AMA Journal of Ethics®

Illuminating the art of medicine

Journal of Ethics Header

AMA Journal of Ethics®

Illuminating the art of medicine

Virtual Mentor. October 2000, Volume 2, Number 10.

Ethics Poll

Athletes and Performance-Enhancing Drugs

The Ethics Poll is a snapshot of the opinions of interested readers.

As in previous Olympics, the 2000 Olympics were marred by reports of players and coaches testing positive for certain enhancement drugs. For instance, American shot put world champion C. J. Hunter, husband of Olympic gold medalist Marion Jones, tested positive for the banned substance nandrolone in late September. Romanian gymnast Andreea Raducan, winner of 2 gold medals and 1 silver at the Sydney Olympics, had her gold medal stripped away because of a positive drug test for ephedrine. Reports have surfaced of other professional athletes using enhancement drugs. During the 1998 baseball season, Mark McGwire's effort to break Roger Maris' home-run record was tainted by his admission of using a nutritional supplement called androstenedione. Although the substance is legal and its use permitted by Major League Baseball, the supplement is banned by other sports organizations, such as the National Football League and the International Olympic Committee. Hockey players have been known to take over-the-counter drugs that contain pseudophedrine to give them a lift when playing.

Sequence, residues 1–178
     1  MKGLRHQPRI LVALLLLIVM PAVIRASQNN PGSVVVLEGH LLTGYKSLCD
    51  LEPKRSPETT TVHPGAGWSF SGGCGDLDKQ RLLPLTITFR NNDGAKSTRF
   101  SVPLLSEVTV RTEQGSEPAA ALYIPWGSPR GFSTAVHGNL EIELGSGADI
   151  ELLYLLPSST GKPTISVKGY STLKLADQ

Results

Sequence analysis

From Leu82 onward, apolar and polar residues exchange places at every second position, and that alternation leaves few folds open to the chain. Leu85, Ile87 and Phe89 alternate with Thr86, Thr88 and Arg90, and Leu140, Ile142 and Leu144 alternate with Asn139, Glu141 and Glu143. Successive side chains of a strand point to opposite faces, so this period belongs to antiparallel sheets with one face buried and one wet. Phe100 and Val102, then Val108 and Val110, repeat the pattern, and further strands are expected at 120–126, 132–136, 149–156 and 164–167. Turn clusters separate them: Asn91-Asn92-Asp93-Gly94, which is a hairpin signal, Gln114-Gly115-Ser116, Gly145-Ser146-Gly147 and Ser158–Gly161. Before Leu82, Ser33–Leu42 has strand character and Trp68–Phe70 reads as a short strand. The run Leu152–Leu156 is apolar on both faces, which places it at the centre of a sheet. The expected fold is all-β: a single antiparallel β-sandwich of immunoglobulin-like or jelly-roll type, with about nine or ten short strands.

Should athletes be allowed to take legal but questionable supplements to enhance their performance?
Poll results reflect the opinions of visitors to the site who voluntarily answer the poll questions. Those visitors do not represent a random sample of Virtual Mentor readers. The viewpoints expressed on this site are those of the authors and do not necessarily reflect the views and policies of the AMA.